Phaet-ful Philosophy

With most of the world coming straight out of the futuristic dystopian realm of The Hunger Games’s Panem, the future colonies upon Earth’s moon in Karen Bao’s Dove Arising are simultaneously new and familiar.

15 year old Phaet (pronounced “fate”) Theta lives in Base IV on the moon and works in agriculture with her best friend Umbriel, whom she has known all her life. When her journalist mother becomes ill and is taken away for quarantine by Medical and soldiers, Phaet has to take responsibility for her younger brother and sister as her father died during a geological work outing six years previously–and you’d think that the gray streaks in her otherwise dark hair came from this new responsibility thrust upon her, but you’d be wrong; it’s in her genetics to go prematurely gray.

With limited funds to pay for rent, food, and her mother’s medical expenses, Phaet overrules Umbriel’s pleas and her rational distrust of the Committee, who run everything in their community and monitor everything that citizens say via embedded handsets, to save her family from the destitution of the Shelter by enlisting in the Militia in hopes of earning a more substantial income. Befriending the #1 trainee, Wes Kappa, who was the Medical assistant who took her mother away, Phaet improves her chances of survival as the youngest Militia trainee ever.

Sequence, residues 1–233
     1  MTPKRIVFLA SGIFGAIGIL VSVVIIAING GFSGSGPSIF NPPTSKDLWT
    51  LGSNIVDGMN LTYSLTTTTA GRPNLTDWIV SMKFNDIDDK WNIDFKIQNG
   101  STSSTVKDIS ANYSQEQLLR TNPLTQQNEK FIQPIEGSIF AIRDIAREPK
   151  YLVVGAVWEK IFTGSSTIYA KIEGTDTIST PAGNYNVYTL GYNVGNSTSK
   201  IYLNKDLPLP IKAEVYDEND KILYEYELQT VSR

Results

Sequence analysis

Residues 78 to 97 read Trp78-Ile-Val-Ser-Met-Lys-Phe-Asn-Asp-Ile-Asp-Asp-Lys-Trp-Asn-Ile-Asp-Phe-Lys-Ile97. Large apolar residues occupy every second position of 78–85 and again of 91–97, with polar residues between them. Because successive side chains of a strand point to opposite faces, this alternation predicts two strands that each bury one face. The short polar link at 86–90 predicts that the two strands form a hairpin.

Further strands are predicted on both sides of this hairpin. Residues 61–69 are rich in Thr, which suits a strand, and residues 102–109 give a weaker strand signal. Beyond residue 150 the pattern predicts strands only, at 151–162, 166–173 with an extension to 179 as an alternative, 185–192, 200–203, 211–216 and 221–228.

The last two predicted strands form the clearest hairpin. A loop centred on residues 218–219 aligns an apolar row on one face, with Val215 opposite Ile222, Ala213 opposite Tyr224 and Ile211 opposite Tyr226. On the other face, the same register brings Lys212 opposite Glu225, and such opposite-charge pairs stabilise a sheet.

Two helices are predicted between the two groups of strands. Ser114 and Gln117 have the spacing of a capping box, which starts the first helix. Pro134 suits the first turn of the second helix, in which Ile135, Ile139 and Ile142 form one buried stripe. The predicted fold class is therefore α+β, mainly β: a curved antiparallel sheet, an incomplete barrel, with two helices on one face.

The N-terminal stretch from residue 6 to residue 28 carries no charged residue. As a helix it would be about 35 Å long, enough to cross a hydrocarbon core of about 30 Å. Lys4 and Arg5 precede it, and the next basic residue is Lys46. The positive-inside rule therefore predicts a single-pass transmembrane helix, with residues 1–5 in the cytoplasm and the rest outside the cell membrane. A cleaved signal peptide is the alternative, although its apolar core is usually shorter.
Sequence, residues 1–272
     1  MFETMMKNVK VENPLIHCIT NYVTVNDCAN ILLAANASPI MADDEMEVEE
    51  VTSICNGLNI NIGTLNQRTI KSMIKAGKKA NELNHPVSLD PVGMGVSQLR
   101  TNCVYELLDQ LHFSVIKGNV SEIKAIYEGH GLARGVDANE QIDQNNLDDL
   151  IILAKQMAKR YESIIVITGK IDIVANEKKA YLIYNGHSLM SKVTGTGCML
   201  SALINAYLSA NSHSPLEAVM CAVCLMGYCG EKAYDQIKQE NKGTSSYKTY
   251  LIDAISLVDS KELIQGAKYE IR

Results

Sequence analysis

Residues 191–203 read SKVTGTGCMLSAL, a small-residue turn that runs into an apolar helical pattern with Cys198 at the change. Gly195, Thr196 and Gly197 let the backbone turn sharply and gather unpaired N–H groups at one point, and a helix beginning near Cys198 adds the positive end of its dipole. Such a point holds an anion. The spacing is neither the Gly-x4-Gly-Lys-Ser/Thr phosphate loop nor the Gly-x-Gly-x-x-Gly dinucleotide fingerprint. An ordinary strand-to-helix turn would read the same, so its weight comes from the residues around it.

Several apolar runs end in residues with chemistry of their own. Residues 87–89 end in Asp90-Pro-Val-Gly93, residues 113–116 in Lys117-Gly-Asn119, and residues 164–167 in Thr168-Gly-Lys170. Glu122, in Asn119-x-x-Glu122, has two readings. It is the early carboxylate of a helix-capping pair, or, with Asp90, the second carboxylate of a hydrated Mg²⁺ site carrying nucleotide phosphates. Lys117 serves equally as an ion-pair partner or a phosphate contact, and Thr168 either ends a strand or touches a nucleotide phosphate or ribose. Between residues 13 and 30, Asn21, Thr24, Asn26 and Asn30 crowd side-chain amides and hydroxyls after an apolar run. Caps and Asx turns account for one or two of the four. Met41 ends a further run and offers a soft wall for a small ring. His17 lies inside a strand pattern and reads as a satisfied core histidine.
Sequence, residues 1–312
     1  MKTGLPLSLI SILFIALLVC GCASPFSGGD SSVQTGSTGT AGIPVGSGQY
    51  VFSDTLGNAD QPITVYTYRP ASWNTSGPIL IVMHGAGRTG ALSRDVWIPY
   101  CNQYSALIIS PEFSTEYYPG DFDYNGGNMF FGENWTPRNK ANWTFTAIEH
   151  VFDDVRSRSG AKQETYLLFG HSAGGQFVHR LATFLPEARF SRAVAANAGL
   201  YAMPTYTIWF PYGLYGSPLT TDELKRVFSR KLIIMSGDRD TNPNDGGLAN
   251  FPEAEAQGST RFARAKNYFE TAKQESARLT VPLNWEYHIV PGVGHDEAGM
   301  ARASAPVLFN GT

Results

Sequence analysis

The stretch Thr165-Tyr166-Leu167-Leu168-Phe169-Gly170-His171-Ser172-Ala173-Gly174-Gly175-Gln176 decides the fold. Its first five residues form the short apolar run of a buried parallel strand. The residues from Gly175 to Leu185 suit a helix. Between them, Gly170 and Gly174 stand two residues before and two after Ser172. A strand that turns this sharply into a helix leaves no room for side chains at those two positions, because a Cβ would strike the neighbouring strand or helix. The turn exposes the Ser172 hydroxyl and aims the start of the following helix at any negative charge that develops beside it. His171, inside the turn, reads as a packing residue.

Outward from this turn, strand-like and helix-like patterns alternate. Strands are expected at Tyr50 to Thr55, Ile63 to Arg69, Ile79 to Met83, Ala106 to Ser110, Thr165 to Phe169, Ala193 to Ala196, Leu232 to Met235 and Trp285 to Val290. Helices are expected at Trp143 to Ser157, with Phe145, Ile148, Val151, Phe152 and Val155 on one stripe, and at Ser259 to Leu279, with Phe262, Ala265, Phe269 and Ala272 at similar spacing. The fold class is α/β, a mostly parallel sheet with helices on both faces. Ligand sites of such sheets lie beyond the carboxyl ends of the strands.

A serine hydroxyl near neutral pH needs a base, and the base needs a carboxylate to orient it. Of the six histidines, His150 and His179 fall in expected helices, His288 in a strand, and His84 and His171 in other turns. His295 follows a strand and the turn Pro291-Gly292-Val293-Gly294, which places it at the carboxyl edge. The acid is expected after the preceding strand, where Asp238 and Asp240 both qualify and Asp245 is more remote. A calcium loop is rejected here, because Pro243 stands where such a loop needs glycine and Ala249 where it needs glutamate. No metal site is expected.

The story kept me intrigued from beginning to end, despite the predictable, somewhat formulaic plot trajectory and devices used to propel the narrative forward. I think that it was the aspect of living on the Moon in a rather realistic, futuristic setting that helped to alleviate my irritation at the formulaic nature of the story–particularly the building of tension between Phaet and the two guys in her life. The characters felt a little contrived and I felt they could have used more development, but perhaps that will come in greater strides in subsequent books. But I was rather impressed with the writing style and the details in building the visual of the scene.

Overall, I’d give it a 3.5 out of 5 stars.

Advertisements

Leave a Reply

Fill in your details below or click an icon to log in:

WordPress.com Logo

You are commenting using your WordPress.com account. Log Out / Change )

Twitter picture

You are commenting using your Twitter account. Log Out / Change )

Facebook photo

You are commenting using your Facebook account. Log Out / Change )

Google+ photo

You are commenting using your Google+ account. Log Out / Change )

Connecting to %s